Master Colors has developed a version of HVC Color Composer for InDesign, as well. That plug-in adds a small HVC color picker to InDesign, and also features the same large palette, available by double-clicking on any color selection. When you're satisfied with your selection, you can choose to add the color to the Swatches palette, and then use the color as you would any color in that application. For more on the InDesign version of the plug-in, read my review in the April/May 2007 issue of InDesign Magazine.
Printing with HVC Color
Casey George, digital department manager for Great Western Packaging in Van Nuys, California, puts a dollar value on the use of the Master Colors plug-ins. George's company prints package labels for consumer products. His firm prints roughly 30,000 projects every year on three six-color Komori presses. He works with ad agencies, creative firms, and independent graphic designers who often send files with the unprintable RGB colors that are all too easy to choose in Photoshop. George steers those clients to the HVC Color Composer plug-in.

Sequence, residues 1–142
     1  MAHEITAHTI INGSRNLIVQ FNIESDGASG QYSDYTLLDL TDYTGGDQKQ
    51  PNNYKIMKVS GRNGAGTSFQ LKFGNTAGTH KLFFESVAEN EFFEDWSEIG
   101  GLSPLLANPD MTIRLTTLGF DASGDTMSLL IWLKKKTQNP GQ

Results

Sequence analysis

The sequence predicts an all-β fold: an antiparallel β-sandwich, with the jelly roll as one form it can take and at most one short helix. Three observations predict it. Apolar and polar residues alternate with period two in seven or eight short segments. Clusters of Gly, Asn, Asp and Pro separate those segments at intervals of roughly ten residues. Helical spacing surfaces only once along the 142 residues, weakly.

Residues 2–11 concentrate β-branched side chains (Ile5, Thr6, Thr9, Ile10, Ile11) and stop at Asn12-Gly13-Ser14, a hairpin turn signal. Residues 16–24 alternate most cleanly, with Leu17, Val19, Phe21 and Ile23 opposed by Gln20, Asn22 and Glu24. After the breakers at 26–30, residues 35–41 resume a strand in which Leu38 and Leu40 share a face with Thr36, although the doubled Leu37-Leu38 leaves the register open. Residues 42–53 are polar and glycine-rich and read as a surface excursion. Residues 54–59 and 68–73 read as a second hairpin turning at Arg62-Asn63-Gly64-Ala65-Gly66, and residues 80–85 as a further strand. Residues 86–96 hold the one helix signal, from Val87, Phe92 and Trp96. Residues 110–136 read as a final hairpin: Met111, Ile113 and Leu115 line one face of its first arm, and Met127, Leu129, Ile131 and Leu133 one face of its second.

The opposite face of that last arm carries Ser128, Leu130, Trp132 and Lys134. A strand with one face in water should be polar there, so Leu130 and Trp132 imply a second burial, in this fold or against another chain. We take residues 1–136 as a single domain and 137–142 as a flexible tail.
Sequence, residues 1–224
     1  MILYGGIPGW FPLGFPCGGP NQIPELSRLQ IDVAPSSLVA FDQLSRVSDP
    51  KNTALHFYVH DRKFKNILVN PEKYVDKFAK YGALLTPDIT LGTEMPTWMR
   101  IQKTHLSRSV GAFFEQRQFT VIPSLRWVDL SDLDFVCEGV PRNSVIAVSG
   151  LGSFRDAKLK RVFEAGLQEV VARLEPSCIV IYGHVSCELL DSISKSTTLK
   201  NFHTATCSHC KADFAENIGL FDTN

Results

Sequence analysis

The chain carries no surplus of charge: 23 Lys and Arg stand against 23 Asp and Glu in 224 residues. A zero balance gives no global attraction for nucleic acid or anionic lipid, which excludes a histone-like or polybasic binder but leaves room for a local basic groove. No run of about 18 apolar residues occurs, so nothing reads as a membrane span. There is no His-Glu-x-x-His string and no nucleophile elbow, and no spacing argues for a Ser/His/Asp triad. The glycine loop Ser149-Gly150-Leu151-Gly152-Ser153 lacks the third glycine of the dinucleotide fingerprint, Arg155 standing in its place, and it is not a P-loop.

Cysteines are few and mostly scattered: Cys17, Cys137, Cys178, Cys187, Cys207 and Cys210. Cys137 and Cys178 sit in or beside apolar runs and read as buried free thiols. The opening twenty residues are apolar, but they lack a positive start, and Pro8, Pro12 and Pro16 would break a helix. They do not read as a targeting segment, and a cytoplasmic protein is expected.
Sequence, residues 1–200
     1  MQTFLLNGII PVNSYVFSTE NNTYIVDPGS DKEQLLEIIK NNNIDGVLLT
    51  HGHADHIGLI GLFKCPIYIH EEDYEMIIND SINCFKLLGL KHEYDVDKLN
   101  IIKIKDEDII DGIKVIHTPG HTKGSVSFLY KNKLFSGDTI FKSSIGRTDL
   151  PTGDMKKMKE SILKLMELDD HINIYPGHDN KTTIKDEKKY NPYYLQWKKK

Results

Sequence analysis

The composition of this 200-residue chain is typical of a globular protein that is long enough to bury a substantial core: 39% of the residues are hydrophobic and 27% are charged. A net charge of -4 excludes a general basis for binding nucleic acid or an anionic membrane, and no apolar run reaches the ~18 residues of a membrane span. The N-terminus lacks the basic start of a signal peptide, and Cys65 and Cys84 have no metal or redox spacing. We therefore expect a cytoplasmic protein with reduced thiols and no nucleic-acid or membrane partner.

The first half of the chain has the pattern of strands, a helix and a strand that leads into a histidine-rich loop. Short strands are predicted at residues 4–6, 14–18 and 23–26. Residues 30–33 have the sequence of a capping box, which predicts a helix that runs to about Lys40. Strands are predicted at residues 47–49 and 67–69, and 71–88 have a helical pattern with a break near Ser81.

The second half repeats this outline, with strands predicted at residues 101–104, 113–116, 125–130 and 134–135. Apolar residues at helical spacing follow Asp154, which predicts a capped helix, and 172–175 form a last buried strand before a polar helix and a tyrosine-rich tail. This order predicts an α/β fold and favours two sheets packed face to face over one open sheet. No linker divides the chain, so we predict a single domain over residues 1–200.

Says George, "When they use HVC Color Composer, they choose colors that I can match. Then I can deliver printing that is more acceptable more often. It saves time -- and that saves money."
Learning To Use HVC Color Composer
Perhaps the best feature of HVC Color Composer (beyond the software itself) is the extraordinary tutorial material available on the Master Colors' Web site. The online color course takes you through the concepts of HVC color, the application of color contrast, and the use of the software. All of the online tutorials are available by clicking on the question mark in the color picker once you've installed the plug-in.
I recommend taking the six-part online course in HVC color. Before I went through it, I thought HVC Color Composer was just another color picker. Then I found myself musing over colors, their values and contrasts. Hours later, I really understood the concepts begun by Albert Munsell in the late 19th century. After a few weeks with HVC Color Composer, I actually think in HVC colors. It's more intuitive than other color spaces, and the results are really beautiful. This one is a keeper!
* Actual Crayola brand color names (Tickle-me Pink is another of my favorites).